7. Gotta agree with the reviewer and not the other posts here... and perhaps it's a generational thing (post-MTV vacuousness notwithstanding), but I found Synder's DotD to be lacking (sorely) in the character and plot development departments, but exceptional in its handling of the cinematic visual medium to convey chaos and the technical achievement of its effects work. That said, the first 10 minutes of this film including the credit sequence are brilliant at evoking the last gasp of society and the uniquely grim tone the film carries to the end. But without characters to actually care about and root for (even Day of the Dead has Sarah, John and Bill to get behind as your surrogates into the mineshaft and beyond) the film fails to truly involve the viewer. Sarah Polley is good in her role, but her character never gets beyond the tough-as-nails approach to post-Ripley (or Fran) feminism evident in today's action movies. The rest of the cast, even Ving Rhames cop character are never truly invested with anything beyond simple and very broad strokes of character backstory to motivate them into behaving certain ways. The film has a budget that's far beyond what Romero got for his "Land of the Dead" (also produced/distributed by Universal) and that's a shame... Snyder does less with more whereas Romero often does more with less and still manages to produce good, gory and engaging entertainment. I'm a fan of Snyder's "300" but feel that he owes a lot to the pre-arranged boards from Frank Miller's brilliant graphic novel. But that's precisely how Snyder treats "Dawn of the Dead"... as a throwaway comic that will get you some bang for your buck, but not much else beyond that. The film's almost gleefully critic proof, and I assure you that long after the film fades into the film history vault, it's Romero's film that will remain open to contemporary critiques and analysis. Synder indulges fans of the original with some cute touches of throwaway homage and a few blink and you'll miss 'em cameos, but Simon Pegg did this to much better effect in a more heartfelt film ("Shaun of the Dead") and it seems to me that Synder added these touches to appease fans of the original and get them off his back so the film would open well and put the maximum number of fanboy butts in the seats on the first weekend. In any case, I've seen the film several times and find it lacking... a good case for remakes that work perhaps (or reimaginings), but let's face it... the more remakes the studios offer, the more vapid and uninteresting movies tend to get. There's no thought process here other than how to separate money from moviegoers. Still, that darned credit sequence is brilliant and completely rewatchable (Johnny Cash's "Man Comes Around" is used to amazing effect and offer glimpses of the world falling apart in music video fashion). Still, it has not a darned thing to say about the human condition that Romero (and others) haven't already indulged in ad nauseum. As fun as it can be to watch, it's as empty as the stores in the mall where it was shot.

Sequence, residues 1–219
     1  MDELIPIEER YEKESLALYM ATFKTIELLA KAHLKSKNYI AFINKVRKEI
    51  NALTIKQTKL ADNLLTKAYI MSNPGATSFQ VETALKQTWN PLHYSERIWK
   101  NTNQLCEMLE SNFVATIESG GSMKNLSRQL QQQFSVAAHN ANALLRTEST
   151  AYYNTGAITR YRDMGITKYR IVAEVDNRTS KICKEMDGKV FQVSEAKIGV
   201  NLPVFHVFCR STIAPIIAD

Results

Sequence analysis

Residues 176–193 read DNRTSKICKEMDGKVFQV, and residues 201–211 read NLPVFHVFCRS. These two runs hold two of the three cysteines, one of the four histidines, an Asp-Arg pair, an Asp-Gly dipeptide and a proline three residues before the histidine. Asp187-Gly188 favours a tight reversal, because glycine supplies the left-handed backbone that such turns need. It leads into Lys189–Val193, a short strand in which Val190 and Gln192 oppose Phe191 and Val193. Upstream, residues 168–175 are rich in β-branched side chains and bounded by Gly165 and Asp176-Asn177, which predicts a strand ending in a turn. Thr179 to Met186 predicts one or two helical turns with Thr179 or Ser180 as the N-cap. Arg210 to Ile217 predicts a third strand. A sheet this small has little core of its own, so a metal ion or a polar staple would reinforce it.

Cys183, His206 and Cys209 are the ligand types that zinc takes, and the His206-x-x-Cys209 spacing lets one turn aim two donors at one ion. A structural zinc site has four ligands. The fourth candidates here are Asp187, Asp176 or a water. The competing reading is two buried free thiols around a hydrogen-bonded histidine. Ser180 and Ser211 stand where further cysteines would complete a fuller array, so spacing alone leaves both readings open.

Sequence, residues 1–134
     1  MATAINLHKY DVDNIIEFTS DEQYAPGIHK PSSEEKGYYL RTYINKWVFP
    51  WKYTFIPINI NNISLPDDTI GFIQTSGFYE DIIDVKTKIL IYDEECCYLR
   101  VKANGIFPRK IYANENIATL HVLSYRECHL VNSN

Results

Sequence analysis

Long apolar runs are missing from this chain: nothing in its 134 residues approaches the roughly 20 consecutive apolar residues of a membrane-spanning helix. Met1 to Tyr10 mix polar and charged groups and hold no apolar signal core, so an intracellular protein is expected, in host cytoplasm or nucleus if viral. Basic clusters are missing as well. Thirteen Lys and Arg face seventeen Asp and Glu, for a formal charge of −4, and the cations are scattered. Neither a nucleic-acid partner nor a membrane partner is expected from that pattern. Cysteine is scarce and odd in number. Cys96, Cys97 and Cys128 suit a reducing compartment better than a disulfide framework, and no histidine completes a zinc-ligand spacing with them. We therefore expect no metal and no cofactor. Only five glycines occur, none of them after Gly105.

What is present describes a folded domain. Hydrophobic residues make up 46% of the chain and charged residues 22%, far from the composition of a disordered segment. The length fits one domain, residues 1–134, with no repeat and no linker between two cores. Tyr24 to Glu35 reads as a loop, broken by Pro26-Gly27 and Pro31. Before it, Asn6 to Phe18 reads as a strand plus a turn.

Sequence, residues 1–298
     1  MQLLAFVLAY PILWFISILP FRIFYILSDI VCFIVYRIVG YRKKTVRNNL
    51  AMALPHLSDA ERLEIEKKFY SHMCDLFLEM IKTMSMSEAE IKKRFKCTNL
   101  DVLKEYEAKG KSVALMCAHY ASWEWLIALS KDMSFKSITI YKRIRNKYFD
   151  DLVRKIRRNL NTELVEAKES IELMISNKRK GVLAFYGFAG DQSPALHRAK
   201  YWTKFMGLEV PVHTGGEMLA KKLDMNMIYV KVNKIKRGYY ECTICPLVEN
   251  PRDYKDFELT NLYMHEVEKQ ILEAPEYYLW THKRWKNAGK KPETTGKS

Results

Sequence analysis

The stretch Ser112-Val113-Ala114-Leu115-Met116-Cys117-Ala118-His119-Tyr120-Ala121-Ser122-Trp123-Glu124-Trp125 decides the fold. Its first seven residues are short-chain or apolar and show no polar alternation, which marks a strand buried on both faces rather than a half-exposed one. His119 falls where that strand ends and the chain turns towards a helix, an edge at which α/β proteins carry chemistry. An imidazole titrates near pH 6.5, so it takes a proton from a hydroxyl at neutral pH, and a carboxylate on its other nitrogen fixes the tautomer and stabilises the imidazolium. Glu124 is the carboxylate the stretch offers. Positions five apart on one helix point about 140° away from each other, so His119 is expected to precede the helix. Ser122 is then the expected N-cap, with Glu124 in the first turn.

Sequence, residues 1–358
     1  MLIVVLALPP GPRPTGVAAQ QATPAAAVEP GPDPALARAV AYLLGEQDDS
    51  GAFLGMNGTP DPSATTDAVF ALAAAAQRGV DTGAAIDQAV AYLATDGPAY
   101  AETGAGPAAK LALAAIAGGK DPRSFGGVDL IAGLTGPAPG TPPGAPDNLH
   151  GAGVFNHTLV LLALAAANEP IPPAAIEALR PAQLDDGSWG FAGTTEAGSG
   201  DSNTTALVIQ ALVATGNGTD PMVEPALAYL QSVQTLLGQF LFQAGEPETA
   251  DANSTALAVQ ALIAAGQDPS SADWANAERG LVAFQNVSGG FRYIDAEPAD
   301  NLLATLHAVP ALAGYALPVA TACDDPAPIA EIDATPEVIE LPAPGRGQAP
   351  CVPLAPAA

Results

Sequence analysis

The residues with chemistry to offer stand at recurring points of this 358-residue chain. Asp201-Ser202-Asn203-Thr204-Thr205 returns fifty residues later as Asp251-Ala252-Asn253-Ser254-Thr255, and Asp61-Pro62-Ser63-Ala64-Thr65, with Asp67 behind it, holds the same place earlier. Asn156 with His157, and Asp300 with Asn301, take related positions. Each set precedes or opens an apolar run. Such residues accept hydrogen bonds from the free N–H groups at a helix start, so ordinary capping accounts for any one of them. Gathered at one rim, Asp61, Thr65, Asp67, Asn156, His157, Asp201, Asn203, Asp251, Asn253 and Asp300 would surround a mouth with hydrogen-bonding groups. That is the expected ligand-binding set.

8. Damn, acedian, you oughta link that post to the IMDb external reviews section. Very nice articulation. Still, I would like to see an intelligent defense of the film that doesn't resort to knee-jerk defensiveness (same goes for "300").

  9. Anonymous3:05 PM

    A gore fest? This movie had one scene, one scene of guts (when the custodian is encountered in the sports store.) It had two maybe three scenes of deep deep bitting, in the begining only, it had one truely disturbing scene, the baby scene, and had one really over the top head explosion, i think everyont knows what im talking about. Romero is a god and his movies are legend, but to say this is a gorey update is absurd. Romero's Dawn, had a zombie being killed by a screw driver, bikers being disembowled pretty much everywhere (with the use of real animal guts btw.) It had a montage of driving a 1970's pacer car around a mall while picking off zombies (Synders Hollywood Squares scene was very tasteful i thought.) Synder modernized a movie that, lets be honest, would seem corny today. Show romeros dawn to a teenager and well, he will laugh. Romero himself took a que from synder in Land of the Dead in its modernized feel. Tom Savini, with romeros permission wrote and directed a remake of NOTLD in 1991 and he himself used one of the movies final scenes to poke fun at the fact that walking zombies are ridiculous and really, how do people get eaten by them? look up the scene. Eitherway, zombies needed a revamp and well they got a good one, and i support the change. its still a very well done movie, conveyed world chaos alot better than other movies that seem to stay isolated. The chaos of an infection was captured here in full force.